Background: Epidemiologic studies suggest that type 2 diabetes increases breast cancer risk and goes along with an increased mortality, however, there has been limited experimental evidence supporting this evidence. The purpose of this study was to evaluate the clinical outcome of breast cancer in patients with type 2 diabetes, and to discuss the relationship of type 2 diabetes with clino-pathological features of patients with breast cancer. Materials and Methods: 126 operable breast cancer patients were enrolled into this study, who were coupling with diabetes and received surgical treatment during July 2002 to July 2007 in Shanghai breast cancer center. A control group of 334 breast cancer patients who had hypertension disease but not diabetes was defined. A comparison of clinico-pathological parameters was carried out between these two groups. Statistical software SPSS 12.0 was employed for survival either in univariate analysis or multivariate analysis. Results: Clinico-pathological characteristics were well-balanced between the patients in diabetes group and control group. As to survival, with a median follow-up time of 45 months, 24 cases recurred in the type 2 diabetes group, with the recurrence rate of 19%; while in the control group without diabetes but hypertension, 31 cases recurred only with the recurrence rate of 9.3%. A statistically significant difference in recurrence-free survival rate was shown between these two groups.
Time to Recurrence (months)
By univariate analysis, we revealed that the menopause status, pathological stage, grade, PR and HER2 expression, using chemotherapy or not and BMI had no effect on the recurrence-free survival; however, lymph node status, ER expression and with diabetes or not, were all associated with poor recurrence rate of breast cancer patients. We further used these parameters to explore their independent prognostic effect on the survival using multivariate analysis made by Cox hazard proportion model. The results showed that involved lymph node, ER negativity, with type 2 diabetes, were still the independent risk factor of poor prognosis. In subgroup analysis, we found that breast cancer patients with type 2 diabetes had a poor survival rate and higher recurrence rate compared with those patients of control group in subgroup populations with involved lymph nodes or with any status of ER. Furthermore, it was interesting that in breast cancer subgroup patients who had received chemotherapy, the risk of recurrence in cases with type 2 diabetes was much higher than that in cases without types 2 diabetes, which didn't happen in the patients who didn't receive chemotherapy. Discussion: Type 2 diabetes is an independent prognostic risk factor that indicating a higher possibility of recurrence and metastasis. It is reasonable to take the type 2 diabetes into account when evaluating the risk of breast cancer patients and decide the anti-cancer treatment strategy.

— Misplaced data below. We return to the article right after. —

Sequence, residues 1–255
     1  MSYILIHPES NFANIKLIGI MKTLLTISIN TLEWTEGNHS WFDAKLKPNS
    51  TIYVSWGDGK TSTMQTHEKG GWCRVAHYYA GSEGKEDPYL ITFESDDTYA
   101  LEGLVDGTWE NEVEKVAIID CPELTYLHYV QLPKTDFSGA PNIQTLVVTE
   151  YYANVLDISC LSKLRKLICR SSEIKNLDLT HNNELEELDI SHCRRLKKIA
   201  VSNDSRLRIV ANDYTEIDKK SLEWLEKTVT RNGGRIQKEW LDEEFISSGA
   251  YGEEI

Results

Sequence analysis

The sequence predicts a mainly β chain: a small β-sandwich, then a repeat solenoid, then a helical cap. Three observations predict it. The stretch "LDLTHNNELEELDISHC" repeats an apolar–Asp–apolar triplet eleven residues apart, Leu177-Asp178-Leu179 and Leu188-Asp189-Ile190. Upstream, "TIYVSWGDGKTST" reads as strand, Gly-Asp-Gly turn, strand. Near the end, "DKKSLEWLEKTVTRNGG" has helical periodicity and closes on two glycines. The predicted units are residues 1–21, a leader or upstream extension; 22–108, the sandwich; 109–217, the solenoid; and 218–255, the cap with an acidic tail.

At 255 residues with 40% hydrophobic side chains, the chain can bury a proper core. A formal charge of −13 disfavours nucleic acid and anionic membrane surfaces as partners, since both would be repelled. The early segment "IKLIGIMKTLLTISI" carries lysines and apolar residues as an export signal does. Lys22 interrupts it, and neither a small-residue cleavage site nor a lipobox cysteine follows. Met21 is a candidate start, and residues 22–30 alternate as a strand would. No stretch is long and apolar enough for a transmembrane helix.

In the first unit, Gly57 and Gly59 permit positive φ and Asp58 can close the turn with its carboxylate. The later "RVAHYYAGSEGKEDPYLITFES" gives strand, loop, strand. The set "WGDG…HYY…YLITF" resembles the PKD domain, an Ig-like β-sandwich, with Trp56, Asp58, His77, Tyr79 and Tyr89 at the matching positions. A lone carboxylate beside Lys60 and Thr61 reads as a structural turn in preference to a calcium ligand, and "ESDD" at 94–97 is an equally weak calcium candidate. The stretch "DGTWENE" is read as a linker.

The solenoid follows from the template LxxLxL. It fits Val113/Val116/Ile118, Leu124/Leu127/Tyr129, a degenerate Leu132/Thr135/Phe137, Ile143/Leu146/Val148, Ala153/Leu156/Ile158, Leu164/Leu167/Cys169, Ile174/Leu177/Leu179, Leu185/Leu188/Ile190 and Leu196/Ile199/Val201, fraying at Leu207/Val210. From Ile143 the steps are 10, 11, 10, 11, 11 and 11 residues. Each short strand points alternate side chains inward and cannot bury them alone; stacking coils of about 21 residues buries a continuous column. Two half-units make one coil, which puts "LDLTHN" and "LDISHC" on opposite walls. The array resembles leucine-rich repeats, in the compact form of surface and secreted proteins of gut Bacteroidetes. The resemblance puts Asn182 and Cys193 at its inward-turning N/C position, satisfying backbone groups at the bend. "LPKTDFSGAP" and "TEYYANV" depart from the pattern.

Citation Information: Cancer Res 2010;70(24 Suppl):Abstract nr P3-10-32.